IRONWORK REPAIRS IN TIMBER-FRAMED BUILDINGS.
7. The origins of
nails, staples, screw fixings and bolts. 5/6.
It is considered by some
that the screw thread was invented in about 400BC by Archytas of Tarentum
(boltscience.com). Screws, although known by the Ancient Greeks such as Archimedes
and Hero and used by the Romans in machines such as linen presses, were not
used as a method of fixing until quite late in history. Originally it appears
they were used as machine screws where a degree of adjustment was required.
In the Mediaeval Housebook
of Wolfegg Castle written between 1475 and 1490 are illustrated screws used
to secure manacles. Like so many inventions conflict was the driving force.
Many instruments of torture relied on the screw thread to apply a gradual
and ungiving force. Thumbscrews, head presses, iron gaiters and the revolting
'pear' (a device inserted into the body and opened up by twisting an ingenious
screw) all used well-crafted screw-threads.
In 1556 Agricola in De
Re Metallica described screws being used to bind two materials together when
describing a method of fixing bellows. The problem with screws is that they
are complex to manufacture by hand to any accuracy and also that machine tools
actually rely on accurate screw threads to produce a quality component en
Hand-made screws were
available. The blanks were forged in the fire by the smith and then screw-cutting
workmen known as 'girders' would file them to the required profile. It was
a cottage industry.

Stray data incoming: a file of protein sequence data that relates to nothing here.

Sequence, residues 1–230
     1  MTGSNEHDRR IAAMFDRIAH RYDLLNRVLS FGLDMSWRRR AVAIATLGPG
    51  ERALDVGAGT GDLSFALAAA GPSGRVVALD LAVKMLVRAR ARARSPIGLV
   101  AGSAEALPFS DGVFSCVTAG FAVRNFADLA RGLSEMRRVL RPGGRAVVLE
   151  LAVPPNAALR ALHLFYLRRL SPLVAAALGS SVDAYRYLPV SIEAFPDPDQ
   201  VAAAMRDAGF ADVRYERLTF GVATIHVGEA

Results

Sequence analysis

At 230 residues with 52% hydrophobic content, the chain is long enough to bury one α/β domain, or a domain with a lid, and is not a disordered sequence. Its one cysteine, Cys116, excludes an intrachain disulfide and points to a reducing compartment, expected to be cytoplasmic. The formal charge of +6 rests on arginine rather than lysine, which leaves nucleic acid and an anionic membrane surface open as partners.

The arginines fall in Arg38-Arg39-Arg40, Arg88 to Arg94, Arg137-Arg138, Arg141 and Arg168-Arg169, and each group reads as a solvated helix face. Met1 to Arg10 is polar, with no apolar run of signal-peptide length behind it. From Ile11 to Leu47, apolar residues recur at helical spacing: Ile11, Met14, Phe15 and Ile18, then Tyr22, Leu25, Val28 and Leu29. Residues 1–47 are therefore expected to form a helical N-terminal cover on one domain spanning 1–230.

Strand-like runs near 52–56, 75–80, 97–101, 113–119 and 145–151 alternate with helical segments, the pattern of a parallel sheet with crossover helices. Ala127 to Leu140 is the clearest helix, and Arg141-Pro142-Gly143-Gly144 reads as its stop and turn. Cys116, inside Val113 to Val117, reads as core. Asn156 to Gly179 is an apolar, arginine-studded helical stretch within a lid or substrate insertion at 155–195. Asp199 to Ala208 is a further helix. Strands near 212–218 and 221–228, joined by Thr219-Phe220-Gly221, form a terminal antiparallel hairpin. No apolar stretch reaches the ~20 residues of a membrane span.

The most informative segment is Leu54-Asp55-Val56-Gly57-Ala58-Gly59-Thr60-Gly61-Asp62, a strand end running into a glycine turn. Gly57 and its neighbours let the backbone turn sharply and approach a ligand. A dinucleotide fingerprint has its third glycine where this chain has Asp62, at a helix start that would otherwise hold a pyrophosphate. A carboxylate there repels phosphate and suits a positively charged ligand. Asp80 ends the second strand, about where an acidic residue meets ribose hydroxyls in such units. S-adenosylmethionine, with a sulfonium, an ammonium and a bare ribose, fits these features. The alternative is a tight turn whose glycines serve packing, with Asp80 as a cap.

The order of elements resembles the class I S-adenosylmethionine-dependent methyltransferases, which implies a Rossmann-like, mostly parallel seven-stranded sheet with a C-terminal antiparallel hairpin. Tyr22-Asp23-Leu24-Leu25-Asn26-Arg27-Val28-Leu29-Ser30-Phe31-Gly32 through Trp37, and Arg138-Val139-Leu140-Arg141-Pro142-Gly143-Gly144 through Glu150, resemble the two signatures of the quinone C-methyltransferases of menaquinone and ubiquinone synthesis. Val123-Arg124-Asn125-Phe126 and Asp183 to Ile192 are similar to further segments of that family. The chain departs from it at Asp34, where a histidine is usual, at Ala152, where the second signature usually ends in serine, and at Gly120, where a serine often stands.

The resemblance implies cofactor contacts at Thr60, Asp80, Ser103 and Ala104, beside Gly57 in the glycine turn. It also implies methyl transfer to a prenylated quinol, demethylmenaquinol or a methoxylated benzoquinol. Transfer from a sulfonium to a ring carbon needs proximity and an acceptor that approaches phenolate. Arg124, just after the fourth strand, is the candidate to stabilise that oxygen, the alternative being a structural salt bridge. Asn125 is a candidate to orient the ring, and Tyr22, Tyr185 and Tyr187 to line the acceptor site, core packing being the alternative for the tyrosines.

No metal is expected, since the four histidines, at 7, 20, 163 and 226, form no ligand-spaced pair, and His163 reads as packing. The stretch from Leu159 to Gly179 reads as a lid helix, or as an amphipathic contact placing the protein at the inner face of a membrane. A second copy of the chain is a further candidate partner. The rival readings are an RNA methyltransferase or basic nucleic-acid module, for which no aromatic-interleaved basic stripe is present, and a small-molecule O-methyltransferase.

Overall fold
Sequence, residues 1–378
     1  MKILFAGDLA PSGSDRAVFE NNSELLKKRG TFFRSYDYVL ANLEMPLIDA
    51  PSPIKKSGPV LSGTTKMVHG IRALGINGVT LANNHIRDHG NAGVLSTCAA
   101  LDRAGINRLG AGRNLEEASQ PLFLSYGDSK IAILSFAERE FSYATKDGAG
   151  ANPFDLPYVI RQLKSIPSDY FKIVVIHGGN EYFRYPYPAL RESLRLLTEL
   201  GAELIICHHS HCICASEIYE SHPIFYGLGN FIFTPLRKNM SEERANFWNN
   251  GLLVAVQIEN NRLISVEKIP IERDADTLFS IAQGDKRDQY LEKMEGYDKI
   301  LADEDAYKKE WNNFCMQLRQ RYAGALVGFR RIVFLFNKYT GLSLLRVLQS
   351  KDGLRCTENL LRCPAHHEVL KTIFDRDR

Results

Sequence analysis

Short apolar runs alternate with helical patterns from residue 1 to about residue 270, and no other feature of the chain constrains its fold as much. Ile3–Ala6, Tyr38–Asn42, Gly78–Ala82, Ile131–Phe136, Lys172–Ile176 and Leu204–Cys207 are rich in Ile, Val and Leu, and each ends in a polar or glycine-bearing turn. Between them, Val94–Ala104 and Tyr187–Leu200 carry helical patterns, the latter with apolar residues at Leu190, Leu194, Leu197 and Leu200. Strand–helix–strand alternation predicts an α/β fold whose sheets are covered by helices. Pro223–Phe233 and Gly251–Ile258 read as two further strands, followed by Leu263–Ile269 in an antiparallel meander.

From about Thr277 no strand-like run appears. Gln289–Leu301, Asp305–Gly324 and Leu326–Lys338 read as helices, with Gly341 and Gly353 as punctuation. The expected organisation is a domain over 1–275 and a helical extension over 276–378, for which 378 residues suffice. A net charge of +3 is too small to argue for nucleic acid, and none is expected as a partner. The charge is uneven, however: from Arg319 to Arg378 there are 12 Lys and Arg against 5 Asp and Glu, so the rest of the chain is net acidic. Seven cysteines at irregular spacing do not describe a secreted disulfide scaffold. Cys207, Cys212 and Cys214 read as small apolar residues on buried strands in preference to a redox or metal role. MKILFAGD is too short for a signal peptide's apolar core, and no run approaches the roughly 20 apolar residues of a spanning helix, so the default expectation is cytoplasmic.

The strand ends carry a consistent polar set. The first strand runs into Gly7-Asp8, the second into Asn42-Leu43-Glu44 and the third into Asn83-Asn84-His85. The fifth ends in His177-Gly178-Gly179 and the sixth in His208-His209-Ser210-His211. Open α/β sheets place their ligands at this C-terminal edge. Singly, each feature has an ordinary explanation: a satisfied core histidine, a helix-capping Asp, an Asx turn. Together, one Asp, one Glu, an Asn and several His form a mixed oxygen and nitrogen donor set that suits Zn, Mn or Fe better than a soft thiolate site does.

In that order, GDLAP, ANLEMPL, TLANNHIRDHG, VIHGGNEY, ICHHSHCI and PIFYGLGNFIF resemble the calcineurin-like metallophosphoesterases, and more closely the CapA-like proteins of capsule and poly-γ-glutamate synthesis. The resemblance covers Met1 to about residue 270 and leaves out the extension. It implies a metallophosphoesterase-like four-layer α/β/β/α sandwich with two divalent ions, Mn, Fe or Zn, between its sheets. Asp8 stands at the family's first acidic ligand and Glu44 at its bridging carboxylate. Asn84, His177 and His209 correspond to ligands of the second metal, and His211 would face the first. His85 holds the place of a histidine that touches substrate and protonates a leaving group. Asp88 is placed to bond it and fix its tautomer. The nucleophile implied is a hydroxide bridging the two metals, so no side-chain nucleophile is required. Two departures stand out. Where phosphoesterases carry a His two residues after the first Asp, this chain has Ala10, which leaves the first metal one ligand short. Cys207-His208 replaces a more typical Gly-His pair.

It was not until the
18th century that screws became universally available for everyday work and
this was due, in the main, to the popularity of butt hinges used in doors.
The development of mass production is attributed to Job and William Wyatt
of Staffordshire who entered a patent in 1760 although their business never
flourished. (Rybczynski,W. 2000).
Early machine-made screws
had blunt ends and therefore were not self-tapping and required pilot holes
to be drilled. In the 1840s George Nettlefield began to produce the modern
pointed screws (Fig. 7.14) at his factory in Birmingham, initiating their
widespread use in joinery. (Taylor.J, 1999).
Domed screws were the earliest type and persisted until butt hinges increased
the demand for countersunk heads. These are modern ones machined in brass
and the pattern has barely changed since the 1840's.
All screws had slotted
heads until the C20th. In 1907 The Canadian businessman Peter L. Robertson
devised and patented a socket-headed screw (Fig. 7.15) with a square insert
and pyramidal base. His aim was to produce a screw that did not suffer from
'cam-out' and so would be suitable for machine tools and precision work. Camming-out
is the slippage of the screwdriver from the head of the screw when it is tightened
up or undone.
The design drawing of a Robertson screw from 1907. These were never popular
in the UK and it is unlikely that one would ever be found in an ironwork repair.
screws were very popular with the furniture industry where slippage could
damage a valuable surface although he was aiming for the market of the mass-produced
motorcar where power tools where being rapidly introduced by Henry Ford. However,
although used by the Ford subsidiary, The Fisher Body Company, and found satisfactory.
Robertson fell out with the Ford company over manufacturing rights and his
screws were never adopted and are rare today.
The search for a suitable
power-driven screw was completed when Henry F. Phillips, a travelling salesman,
bought a patent from Portland, Oregon inventor John P. Thompson. Adapting
the design he patented the Phillips head screw (Fig 7. 16) and leased the
rights to the American Screw Company to manufacture it. Tests were undertaken
by General Motors on the 1936 Cadillac and within two years every American
car manufacturer was using them. Ironically Philips head screws are designed
with a degree of cam-out to prevent them from being over-tightened and damaging
A modern Phillips headed screw also known as a Pozidrive. This was developed
in 1936 and so can only feature in modern repairs or replacements.